Tracy McGrady baseball career trending up? Pirates outfielder calls T-Mac a 'Presence' on the mound [VIDEO]

Raimundo Ortiz
By Raimundo Ortiz @AroundtheMundo
on Feb 11, 2014 08:38 AM EST
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Tracy McGrady
Former NBA superstar Tracy McGrady is trying his hand as a pitcher. (Photo : Reuters.)

Tracy McGrady may not have had the postseason success he dreamed of during his illustrious NBA career, but at 34 with his basketball days behind him McGrady's picked up a new ball.

T-Mac is trying to become a pitcher for the Sugar Land Skeeters of the Independent Athletic League, and apparently he was impressive in his first ever bullpen session with live hitters.

"He's so tall and his arms are so long. His downward slope, you're not going to see that too often," said Barrett Barnes, a minor league outfielder in the Pittsburgh Pirates organization. "When you have a presence like that on the mound, it's really hard to settle in and be comfortable hitting."

Standing at six feet, eight inches tall McGrady towers over hitters much like Randy Johnson, "The Big Unit" once did in his Hall of Fame career. No one is comparing McGrady, a pro baseball neophyte to the great left-hander, but size-wise they're comparable. He also doesn't have that top-end velocity Johnson did, but his lanky frame gives him the advantage of deception.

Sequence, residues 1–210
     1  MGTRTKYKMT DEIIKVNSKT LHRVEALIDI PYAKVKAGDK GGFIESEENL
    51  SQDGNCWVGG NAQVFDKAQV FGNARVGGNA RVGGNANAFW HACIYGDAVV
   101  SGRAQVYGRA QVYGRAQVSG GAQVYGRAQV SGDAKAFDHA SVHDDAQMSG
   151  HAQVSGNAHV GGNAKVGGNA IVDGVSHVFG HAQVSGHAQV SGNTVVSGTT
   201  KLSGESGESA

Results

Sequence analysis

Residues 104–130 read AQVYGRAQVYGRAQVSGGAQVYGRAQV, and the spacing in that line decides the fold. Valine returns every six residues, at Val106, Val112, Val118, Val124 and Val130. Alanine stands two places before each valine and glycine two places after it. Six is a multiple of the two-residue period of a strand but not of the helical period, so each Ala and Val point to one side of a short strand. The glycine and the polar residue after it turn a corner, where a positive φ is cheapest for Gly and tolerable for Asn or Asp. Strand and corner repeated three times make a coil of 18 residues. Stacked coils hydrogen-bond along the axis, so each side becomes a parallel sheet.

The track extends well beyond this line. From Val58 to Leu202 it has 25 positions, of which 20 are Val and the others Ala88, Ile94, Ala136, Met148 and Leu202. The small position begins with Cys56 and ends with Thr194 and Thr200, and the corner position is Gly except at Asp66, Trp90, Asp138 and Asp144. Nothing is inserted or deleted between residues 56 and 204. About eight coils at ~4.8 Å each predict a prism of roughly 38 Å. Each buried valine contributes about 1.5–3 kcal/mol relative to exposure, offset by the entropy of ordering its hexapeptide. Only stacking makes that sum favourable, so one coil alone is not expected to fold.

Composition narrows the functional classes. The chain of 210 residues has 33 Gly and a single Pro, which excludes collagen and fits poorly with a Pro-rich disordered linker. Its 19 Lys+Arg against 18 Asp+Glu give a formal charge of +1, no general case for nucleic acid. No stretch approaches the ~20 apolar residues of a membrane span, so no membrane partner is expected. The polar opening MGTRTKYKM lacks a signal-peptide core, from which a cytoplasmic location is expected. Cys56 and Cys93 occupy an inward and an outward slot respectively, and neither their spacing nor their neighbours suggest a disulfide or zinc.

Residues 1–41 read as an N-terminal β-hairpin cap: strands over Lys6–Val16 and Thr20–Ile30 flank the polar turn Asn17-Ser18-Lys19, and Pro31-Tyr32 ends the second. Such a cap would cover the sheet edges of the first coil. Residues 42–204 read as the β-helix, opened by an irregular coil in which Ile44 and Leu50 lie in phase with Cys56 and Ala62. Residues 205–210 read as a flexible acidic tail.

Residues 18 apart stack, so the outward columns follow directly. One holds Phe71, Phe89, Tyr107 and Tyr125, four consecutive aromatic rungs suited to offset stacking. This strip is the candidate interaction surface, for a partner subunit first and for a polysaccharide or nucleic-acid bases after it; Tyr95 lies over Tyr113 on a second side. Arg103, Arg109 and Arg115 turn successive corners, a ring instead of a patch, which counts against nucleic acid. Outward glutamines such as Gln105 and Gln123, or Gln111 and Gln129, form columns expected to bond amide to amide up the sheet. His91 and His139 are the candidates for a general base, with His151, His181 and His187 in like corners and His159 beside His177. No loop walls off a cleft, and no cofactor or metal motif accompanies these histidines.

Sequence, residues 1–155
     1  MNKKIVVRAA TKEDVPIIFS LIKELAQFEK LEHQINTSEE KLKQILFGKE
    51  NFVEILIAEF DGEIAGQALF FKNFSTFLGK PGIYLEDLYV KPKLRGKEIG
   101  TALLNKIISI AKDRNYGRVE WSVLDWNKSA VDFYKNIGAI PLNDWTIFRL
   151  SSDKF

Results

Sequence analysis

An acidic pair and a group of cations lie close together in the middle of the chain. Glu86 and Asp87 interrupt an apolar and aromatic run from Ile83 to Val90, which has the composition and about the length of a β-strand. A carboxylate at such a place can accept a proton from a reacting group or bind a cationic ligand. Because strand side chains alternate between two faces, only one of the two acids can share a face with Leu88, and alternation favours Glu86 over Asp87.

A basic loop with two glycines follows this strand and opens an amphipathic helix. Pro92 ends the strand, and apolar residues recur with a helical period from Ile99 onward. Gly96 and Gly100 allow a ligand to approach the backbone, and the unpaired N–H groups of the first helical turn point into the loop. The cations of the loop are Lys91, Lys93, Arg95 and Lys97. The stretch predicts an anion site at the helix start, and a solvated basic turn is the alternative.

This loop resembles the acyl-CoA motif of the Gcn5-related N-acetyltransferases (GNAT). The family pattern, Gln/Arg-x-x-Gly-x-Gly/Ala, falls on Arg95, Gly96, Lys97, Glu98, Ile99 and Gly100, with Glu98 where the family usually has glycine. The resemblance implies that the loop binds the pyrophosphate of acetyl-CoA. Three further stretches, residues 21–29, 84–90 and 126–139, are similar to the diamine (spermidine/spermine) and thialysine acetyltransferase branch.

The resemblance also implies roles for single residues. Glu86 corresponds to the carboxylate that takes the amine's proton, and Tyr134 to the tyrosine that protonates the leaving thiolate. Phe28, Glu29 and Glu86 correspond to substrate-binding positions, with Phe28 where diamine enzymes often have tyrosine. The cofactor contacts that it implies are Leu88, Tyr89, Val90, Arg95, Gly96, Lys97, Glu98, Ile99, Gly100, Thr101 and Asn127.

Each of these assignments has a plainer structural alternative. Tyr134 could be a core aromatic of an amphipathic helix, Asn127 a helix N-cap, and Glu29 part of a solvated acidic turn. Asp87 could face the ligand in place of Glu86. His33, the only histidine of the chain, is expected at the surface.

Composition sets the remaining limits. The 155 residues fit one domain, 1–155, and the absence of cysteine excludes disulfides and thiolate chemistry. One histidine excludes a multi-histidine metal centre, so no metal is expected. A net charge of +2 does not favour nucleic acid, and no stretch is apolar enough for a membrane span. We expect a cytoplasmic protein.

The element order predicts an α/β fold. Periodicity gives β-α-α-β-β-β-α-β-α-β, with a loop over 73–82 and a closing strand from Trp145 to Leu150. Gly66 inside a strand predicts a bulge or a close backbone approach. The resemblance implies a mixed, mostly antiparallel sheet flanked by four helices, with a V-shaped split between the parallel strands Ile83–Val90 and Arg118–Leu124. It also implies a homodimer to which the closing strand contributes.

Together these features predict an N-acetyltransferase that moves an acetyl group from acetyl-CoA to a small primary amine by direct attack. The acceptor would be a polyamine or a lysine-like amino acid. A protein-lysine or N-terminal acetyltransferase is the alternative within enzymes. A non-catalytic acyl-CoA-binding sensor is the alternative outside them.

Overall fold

"Say his [velocity] is 87, but with his arms and his body, it feels like it's 90-91," Barnes said. "His velo might [be] lower, but it feels like it gets on you way faster."

T-Mac has been working with Arizona Diamondbacks coach Scipio Spinks to develop his mechanics, and McGrady gave much of the credit for his impressive display to him. "[Spinks] taught me a lot, mechanics, and just a lot of things I didn't know about pitching, and I'm using that to my advantage," McGrady said.

Spinks agreed with Barnes that McGrady proved a lot in his firs outing vs. live batters, and said that the experience will help him going forward. "It gives him a gauge to see where he's at," Spinks said. "Just to let us know if he's going to back off if there are hitters at the plate, which he didn't. As a matter of fact, he said that 'I want them to know I'm a little wild.'"

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